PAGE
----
5. Keep it Fresh. Look for opportunities to collaborate and cross-train. Seek a deeper understanding of colleagues’ roles in and outside your group. Create ways to collaborate with team members. Listen, learn, and add value. You will be amazed at what you learn and how useful each piece of information becomes in understanding the entire puzzle. Find ways to add diversity to the mundane.

Let’s talk about Career Development. Can you share a few ideas about how you can nurture and advance your career when you are working from home and away from other colleagues?

Talk with those above you about the company’s future plans and likely roles for advancement. Communicate your goals and chart a path for the future together. What interesting opportunities are likely to come up within the organization? What experience will be most valuable in your industry? Most managers and executives appreciate this initiative, and it raises organizational visibility for future promotion.

No one cares about your advancement and development as you do. Companies can be fickle, managers change, and opportunities dry up. Never leave your destiny in someone else’s hands. Take control of your future and map out your own growth plan. Where do you want to be in a year? What will you need to know? What skills need to be developed? How do you need grow personally? Add this self-development block to your schedule and commit to it. Several of my peers have replaced their commute time with daily dedicated self-study blocks. Small daily steps, consistently, add up to big results. Learn a language, finish a degree, get a certification, play an instrument, paint a masterpiece, or read 100 books. The goals are yours. Own it and achieve it.

Can you share a few ideas about how employers or managers can help their team with career development?

Transparent Communication: Remote employees often voice concerns about being “out of the loop” compared to in-office team members. When communication reaches them second or third-hand, it may be filtered or arrive too late to be helpful. Communicate

Pay Attention: Employee growth does not happen by accident or osmosis. It requires focused attention, time, and effort on the part of leadership. Employees perform better when they know leadership is watching. Pay attention and catch them doing something right. Make it a point to compliment remote workers regularly.

Say No to Tetris: Scheduling time with managers should not feel like a game of Tetris where employees try to fit meetings into impossible blocks. Leave time blocks open to meet with your team. Be the initiator, schedule regular appointments at specific intervals. Ensure your team feels like a priority and has the access they crave rather than feeling like an interruption or afterthought.

Buddy Up: Pair up new employees with an existing team member to “show them the ropes.” Doing this connects them with one or more people in the organization who can help them feel welcome, teach them the culture, and help navigate an already challenging process of being the “new kid.” A side benefit is that the current employees perceive this role as a gesture of confidence, trust, and promotion in responsibility.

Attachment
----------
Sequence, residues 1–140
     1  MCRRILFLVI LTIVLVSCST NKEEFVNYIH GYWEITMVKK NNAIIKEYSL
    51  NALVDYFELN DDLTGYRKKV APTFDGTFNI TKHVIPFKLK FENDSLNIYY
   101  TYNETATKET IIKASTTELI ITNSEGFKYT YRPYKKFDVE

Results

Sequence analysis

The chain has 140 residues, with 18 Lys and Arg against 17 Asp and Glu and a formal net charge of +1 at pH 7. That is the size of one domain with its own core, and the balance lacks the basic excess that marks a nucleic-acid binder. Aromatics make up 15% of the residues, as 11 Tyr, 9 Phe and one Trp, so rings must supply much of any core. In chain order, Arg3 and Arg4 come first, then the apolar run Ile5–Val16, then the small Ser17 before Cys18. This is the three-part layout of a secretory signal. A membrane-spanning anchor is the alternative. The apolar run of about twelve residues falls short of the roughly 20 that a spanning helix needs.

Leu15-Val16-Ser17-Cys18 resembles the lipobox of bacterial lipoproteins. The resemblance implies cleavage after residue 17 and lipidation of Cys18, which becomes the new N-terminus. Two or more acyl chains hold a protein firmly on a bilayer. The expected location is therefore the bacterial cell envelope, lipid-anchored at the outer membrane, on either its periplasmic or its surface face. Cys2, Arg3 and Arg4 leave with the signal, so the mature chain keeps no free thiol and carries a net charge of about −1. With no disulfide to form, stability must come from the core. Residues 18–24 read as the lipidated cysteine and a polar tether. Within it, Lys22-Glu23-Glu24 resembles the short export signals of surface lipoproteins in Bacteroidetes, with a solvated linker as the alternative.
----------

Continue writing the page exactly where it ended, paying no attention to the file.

Virtual “Water Cooler”: Connect employees virtually with no set agenda. We open a virtual meeting room every morning where employees can come and go as desired. Team members miss the casual interaction of being in the office. Some join to interact, some to listen, and some just pop in to ask a quick question. Any interaction among staff members is a plus. Slack, a chat app used by many companies, has an add-on app called “Donut,” which randomly connects two people for a virtual coffee meeting. This is a great way to connect employees who might never meet even if they were in the office. The more connection points and friendships, the more likely employees are to stay with an organization.

You are a person of great influence. If you could inspire a movement that would bring the most amount of good to the most amount of people, what would that be? You never know what your idea can trigger. :-)

A movement of mentoring. I support a fantastic non-profit headquartered in Dallas-Fort Worth, Texas called Dare to Serve (daretoserve.org) that connects mentors with high school students in underserved communities. The students plan and participate in service projects within their communities. Within their school, students collect items and manage a “Care Cabinet,” which provides food, toiletries, coats, and more for fellow students at no cost. It is easy to look at it from the outside and think these “underprivileged students” are the ones who need help. Sure, that’s true sometimes. Every single one of them has beautiful talents, skills, and gifts to share; that is true all the time.

When we don’t believe in ourselves, we play small. When we don’t see a bright future, we accept the status quo. Mentors change that. They help the students believe in a future of hope, options, and promise. Mentors unlock and activate the unique greatness inside, so students use their talents, skills, and gifts to benefit others. This key relationship dramatically alters the life trajectory for the student, and the students inspire and elevate those around them. That is what we need more of in this world.

How can our readers further follow your work online?

Follow me on social media @jeffkmains on all platforms or visit ChampionLeadership.com

Thank you for these great insights! We wish you continued success.

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David Liu
Authority Magazine

David is the founder and CEO of Deltapath, a unified communications company that liberates organizations from the barriers of effective communication